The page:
Pull on your muck boots before you head into the yard; it’s mud season in the Midwestern garden! In Indianapolis this month, we’re hunting for bulb foliage, watching for returning birds, and cleaning up the garden after a grey winter.
What To See in the March Garden
- Daffodils, crocus, and tulips are all pushing their way out of the soil in our zone 6 landscapes. Forgot where you planted them last year? Daffodils have round, flat tips on their leaves, while the leaves of tulips are pointed and curl a bit as soon as they come out of the ground.
- Forsythia shrubs are an early sign of spring; watch for their brilliant yellow blooms.
- Birds are returning to the garden. Scrub out your birdfeeders and fill them up to lure migrating birds in.
- Fruit trees and spring-blooming shrubs have formed buds that are starting to swell. When you prune, take some branches inside to force early blooms. Just put a fresh cut on each branch and drop it into room-temperature water.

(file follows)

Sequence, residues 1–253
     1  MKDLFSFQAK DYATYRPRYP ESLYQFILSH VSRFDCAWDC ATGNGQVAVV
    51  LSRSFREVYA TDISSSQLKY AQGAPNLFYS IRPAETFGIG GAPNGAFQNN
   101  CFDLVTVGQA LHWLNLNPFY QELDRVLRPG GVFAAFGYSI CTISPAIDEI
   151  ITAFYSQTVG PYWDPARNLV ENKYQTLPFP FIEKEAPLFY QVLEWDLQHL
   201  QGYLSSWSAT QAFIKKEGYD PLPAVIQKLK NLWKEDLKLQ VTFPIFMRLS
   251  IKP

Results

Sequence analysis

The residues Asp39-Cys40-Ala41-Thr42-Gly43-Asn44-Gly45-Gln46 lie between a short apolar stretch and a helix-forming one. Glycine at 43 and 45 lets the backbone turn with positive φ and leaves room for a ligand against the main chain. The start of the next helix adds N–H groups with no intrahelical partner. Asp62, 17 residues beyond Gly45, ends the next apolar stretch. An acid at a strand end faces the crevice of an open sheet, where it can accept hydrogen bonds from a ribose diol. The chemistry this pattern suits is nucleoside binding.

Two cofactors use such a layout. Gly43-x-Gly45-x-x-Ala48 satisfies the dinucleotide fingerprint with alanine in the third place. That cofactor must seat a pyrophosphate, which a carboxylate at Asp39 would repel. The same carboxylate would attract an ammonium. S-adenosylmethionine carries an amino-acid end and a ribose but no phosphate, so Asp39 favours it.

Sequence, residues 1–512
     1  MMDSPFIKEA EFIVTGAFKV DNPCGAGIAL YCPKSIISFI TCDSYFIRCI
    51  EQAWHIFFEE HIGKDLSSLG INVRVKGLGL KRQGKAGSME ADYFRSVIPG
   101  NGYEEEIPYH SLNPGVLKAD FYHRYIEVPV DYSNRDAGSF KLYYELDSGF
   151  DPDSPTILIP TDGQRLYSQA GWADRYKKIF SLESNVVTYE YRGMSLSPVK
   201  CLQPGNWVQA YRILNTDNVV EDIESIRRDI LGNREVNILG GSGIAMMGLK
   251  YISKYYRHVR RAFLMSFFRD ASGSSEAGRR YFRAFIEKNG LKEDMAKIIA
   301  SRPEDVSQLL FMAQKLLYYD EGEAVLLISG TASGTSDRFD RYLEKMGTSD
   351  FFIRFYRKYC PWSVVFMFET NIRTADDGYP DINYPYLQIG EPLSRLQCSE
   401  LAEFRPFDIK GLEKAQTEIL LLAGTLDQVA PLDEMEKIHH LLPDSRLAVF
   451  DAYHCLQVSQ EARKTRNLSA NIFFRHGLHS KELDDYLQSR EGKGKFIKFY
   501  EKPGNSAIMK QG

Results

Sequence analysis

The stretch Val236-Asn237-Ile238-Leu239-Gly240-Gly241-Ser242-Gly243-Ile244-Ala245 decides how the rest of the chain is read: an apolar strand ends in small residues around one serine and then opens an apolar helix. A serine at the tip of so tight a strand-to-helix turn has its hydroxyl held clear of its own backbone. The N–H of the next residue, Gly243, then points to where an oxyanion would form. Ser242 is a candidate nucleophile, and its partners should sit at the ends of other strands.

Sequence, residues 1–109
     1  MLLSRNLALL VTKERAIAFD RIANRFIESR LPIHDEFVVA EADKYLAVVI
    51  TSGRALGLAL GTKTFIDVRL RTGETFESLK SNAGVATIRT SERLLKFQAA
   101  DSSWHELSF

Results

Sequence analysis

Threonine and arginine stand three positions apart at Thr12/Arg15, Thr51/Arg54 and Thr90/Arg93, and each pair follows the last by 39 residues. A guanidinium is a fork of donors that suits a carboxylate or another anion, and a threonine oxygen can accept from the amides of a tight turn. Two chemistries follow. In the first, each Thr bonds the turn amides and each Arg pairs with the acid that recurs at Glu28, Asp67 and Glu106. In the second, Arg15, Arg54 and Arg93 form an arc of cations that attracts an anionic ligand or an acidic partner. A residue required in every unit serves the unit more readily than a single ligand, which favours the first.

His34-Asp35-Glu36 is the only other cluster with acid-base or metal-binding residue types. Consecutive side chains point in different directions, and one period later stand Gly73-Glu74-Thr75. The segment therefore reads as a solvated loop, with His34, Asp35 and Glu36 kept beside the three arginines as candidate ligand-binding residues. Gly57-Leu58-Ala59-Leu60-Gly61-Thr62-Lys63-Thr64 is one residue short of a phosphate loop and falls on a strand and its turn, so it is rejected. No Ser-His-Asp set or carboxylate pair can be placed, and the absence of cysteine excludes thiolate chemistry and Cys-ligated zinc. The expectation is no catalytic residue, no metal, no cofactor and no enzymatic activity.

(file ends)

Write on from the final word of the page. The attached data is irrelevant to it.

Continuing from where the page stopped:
What to Do This Month
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- Cleaning up the garden for spring and early spring pruning.
- Pruning fruit trees in early March, before the trees break dormancy.
- Designing new gardens; we’ll start planting once the soil dries.
Other Tasks in the Organic Garden This Month
- Wait for soil to become dry enough to work before doing any planting. Soil should crumble when you squeeze it in your hand; if it sticks in a ball, it’s still too wet.
- Direct sow peas, potatoes, onions, turnips, radishes, and spinach once the soil has dried. If the soil doesn’t dry in March, push that planting back to April.
- If you’re starting your own summer crops inside, plant them around the end of March to transplant out in early May.